I guess I always felt Ernie Banks would never die.
Maybe a lot of you felt the same way. A guy named Mr. Cub isn’t like the rest of us.
A Hall of Fame baseball player with 512 home runs — back when steroids were the province of Eastern Bloc weightlifters and the steak was the ballplayers’ muscle-builder of choice — Mr. Cub was more than a jock.
He was a living, breathing symbol of sporting greatness.
In fact, he was a symbol of so many things that in his later years he almost seemed like a living, breathing statue representing among other things: triumph over racism, total effort without support, optimism in the face of gloom, athletic superiority, unflinching love for America’s Game and — greatest of all — infectious joy for the gift of being alive.
I’ll tell you this: I am so happy he got to enjoy being a Hall of Famer for more than three decades and that he got to revel in the glory of his real statue, placed in front of his beloved Wrigley Field in 2008. It breaks my heart to think of a guy such as Ron Santo, Ernie’s passionate teammate, who was inducted into the Cooperstown elite after he was dead and buried. What good is a great honor bestowed to a ghost?
When I was a little kid, I watched Banks play a few times on TV and almost swooned when I snagged one of his 1959 star-spangled All-Star bubblegum cards in a random purchase at the local dime store. That’s when Ernie was at his peak, accomplishing so much on bad teams.
But I also watched him many times in person, usually from the bleachers at Wrigley, all through my college years in Evanston, with my 1971 graduation coinciding with the end of his career. He wasn’t that superior in his waning days, not at first base, anyway. But his bat was always magic. And his swing, all wrist and speed, with those fingers dancing on the end of that skinny ash handle, was capable of astounding power at any moment.
My buddies and I played whiffle ball with a plastic bat, and anybody who batted left-handed and cranked the ball toward our imaginary Sheffield Avenue was Billy Williams, and anybody who batted righty and jerked one onto left-field “Waveland’’ was, of course, Ernie himself.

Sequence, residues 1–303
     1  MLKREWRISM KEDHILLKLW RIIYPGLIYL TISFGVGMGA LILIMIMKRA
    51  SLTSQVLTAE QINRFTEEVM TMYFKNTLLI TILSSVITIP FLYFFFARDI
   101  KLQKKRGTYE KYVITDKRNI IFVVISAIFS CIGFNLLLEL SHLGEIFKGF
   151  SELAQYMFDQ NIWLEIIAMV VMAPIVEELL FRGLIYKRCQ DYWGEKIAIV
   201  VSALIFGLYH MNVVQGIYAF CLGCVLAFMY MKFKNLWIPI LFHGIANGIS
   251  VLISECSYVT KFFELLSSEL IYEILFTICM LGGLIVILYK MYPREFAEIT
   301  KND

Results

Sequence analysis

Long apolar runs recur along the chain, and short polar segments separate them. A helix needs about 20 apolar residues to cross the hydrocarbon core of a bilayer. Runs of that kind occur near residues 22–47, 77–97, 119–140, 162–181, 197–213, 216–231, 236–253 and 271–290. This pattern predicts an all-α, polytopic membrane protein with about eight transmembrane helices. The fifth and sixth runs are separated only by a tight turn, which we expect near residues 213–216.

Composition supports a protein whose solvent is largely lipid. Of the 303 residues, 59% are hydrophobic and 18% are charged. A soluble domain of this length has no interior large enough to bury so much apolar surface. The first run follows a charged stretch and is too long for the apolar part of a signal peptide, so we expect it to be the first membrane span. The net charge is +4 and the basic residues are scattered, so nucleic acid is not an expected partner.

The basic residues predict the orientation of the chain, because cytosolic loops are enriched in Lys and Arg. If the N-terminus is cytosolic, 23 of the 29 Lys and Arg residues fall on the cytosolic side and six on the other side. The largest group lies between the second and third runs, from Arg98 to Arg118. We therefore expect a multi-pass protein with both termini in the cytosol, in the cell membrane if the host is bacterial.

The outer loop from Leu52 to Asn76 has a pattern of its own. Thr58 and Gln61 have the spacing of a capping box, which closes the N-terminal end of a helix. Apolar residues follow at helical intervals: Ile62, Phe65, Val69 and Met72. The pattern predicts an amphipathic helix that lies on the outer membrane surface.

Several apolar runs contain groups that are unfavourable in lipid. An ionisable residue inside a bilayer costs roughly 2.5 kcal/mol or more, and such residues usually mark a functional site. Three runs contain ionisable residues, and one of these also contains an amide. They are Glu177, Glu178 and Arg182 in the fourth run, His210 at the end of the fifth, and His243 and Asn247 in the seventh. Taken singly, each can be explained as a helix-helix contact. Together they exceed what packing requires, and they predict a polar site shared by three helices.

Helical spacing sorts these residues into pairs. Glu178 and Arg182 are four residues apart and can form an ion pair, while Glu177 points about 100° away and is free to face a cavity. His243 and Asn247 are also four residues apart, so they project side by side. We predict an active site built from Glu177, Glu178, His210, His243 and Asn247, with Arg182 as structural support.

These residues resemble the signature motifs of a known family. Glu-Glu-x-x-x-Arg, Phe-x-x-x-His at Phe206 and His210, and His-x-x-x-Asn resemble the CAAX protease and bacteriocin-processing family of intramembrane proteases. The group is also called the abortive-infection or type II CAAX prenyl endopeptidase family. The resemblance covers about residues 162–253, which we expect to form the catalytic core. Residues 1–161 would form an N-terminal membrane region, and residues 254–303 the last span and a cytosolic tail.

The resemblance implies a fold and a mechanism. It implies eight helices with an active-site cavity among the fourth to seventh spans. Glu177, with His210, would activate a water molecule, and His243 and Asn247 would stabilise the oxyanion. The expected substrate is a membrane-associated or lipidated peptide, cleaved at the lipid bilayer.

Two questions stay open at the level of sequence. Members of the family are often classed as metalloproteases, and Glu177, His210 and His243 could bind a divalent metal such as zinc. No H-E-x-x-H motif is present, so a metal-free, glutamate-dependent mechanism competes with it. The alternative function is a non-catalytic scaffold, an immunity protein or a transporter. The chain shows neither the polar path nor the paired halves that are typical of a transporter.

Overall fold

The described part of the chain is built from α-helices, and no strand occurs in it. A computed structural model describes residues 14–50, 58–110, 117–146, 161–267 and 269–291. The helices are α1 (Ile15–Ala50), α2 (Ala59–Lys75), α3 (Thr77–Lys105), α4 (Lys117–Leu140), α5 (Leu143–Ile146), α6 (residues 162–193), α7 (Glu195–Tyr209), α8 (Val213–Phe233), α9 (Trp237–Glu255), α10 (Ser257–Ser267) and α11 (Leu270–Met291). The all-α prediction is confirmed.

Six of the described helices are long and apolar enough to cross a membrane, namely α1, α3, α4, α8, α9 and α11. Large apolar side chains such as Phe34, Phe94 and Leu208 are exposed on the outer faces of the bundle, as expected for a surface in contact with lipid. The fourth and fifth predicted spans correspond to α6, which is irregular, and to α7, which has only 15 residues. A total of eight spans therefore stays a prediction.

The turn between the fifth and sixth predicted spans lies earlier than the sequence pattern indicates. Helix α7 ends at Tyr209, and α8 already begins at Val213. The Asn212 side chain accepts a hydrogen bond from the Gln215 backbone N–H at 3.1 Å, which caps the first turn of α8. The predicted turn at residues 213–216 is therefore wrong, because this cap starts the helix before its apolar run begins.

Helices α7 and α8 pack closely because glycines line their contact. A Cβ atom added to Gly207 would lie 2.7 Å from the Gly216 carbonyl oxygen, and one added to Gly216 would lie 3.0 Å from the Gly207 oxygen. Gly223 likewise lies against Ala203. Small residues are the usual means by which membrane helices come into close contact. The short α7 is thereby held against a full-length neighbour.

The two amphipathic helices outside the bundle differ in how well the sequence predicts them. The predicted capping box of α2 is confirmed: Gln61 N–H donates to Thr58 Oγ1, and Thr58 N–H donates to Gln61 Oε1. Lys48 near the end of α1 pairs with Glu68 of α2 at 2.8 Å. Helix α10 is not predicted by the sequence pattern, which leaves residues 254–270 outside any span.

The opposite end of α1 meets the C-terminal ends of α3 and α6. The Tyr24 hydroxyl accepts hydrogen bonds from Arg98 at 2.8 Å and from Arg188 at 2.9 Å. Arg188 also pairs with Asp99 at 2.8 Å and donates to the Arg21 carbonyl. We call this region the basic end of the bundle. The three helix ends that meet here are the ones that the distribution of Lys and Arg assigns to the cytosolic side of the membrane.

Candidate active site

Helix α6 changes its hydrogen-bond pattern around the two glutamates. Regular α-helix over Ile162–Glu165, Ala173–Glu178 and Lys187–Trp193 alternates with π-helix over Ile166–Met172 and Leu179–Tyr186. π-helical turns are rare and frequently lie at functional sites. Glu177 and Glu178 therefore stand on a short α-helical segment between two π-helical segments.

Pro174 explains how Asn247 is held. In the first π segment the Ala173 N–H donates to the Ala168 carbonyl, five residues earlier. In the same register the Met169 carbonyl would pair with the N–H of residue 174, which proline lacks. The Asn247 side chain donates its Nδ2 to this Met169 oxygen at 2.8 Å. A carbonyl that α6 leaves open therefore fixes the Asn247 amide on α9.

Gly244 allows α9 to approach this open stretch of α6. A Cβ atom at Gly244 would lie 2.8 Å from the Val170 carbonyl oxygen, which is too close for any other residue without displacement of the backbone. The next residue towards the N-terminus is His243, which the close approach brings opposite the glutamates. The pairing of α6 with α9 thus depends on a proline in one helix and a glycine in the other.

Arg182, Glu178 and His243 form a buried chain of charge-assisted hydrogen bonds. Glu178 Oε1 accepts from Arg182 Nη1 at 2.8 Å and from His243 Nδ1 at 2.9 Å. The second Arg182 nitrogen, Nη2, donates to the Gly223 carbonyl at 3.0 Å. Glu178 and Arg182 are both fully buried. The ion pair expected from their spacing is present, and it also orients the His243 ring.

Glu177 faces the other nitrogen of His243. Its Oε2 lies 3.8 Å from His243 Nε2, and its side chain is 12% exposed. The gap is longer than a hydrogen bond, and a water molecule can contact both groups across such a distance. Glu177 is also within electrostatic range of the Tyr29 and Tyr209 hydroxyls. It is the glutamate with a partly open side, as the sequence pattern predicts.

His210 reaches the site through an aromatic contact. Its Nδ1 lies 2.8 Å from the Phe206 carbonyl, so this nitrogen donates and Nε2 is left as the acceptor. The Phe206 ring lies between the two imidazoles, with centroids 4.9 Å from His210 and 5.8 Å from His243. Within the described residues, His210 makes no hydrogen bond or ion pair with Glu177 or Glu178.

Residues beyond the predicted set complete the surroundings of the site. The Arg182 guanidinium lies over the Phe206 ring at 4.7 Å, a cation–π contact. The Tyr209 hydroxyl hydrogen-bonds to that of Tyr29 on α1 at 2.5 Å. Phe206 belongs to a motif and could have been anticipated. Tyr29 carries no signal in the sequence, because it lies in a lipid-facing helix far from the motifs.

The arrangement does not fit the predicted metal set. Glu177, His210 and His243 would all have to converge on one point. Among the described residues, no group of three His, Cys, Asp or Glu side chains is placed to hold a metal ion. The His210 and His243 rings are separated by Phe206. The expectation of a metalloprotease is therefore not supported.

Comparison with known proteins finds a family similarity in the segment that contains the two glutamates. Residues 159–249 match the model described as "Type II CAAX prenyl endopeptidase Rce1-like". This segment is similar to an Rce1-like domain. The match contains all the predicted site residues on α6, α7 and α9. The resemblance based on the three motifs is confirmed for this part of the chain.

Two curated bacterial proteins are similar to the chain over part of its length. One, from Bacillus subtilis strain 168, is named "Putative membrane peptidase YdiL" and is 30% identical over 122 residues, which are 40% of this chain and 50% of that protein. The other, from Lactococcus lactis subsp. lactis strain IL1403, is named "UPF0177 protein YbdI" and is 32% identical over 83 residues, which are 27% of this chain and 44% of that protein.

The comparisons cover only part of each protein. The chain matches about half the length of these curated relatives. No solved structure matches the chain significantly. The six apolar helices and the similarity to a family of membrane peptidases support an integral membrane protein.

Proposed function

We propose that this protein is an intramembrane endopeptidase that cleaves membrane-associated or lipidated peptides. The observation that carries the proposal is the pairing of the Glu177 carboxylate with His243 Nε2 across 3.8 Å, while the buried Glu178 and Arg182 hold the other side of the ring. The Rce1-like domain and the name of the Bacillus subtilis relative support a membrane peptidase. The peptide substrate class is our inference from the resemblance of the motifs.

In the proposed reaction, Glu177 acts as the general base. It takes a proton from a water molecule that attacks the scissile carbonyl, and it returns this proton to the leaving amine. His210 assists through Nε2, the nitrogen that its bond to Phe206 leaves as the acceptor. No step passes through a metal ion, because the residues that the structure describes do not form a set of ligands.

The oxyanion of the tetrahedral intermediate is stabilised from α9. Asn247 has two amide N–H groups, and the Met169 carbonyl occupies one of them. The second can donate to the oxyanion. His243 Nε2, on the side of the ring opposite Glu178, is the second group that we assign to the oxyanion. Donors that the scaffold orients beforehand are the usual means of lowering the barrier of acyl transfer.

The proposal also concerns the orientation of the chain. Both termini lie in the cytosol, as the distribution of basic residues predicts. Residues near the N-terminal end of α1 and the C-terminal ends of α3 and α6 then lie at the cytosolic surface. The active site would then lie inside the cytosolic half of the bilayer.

But when Banks’ playing days were over, he became a symbol of something yet again: the gracious, smiling — hence lovable — loser. I spoke with Banks many times through the years, just chatting, but 1969 was a season I never brought up. Nor did he.
You only get so many chances in life, and that was the Cubs’ most-promising moment to win a World Series in more than half a century, from 1945 to 2003 — with four Hall of Famers on the team and an eight-game lead over the Mets in August — and then … nothing. That one taught me three lessons that I’ll never unlearn.
Life ain’t fair. Good guys finish anywhere. You better buck up from a broken heart.
And that was Ernie Banks for the rest of his days — a symbol of the mended heart urging others younger than himself to “play two,’’ or 10, or a thousand. Whatever it takes, pick yourself up and strive onward. And enjoy the competition. He always did.
The alternative? Mope around and complain about the raw deal the gods dealt you.
But team failure in baseball was nothing compared to what Banks had seen in the South, growing up in a society so segregated that there was even a professional baseball league for “Negroes,’’ because there was no way blacks were going to play in the white man’s major leagues.
The Negro Leagues were the flip side of the “colored’’ entrances to public movie theaters, the separate drinking fountains for blacks, the back-of-the-bus culture that Banks, like his brethren, could either accept silently or rail against and risk destruction and even death.
Ernie had to swallow a lot. I guarantee you that. But had he rebelled angrily against the unfairness in society in his era, there is no way he would have played big-time ball at all. And how he loved baseball.
His courtesy was authentic. He had kindness inside like a pilot light.
He was a great athlete, a fine teammate, a good man, and like the memories he leaves for us all, he lives on.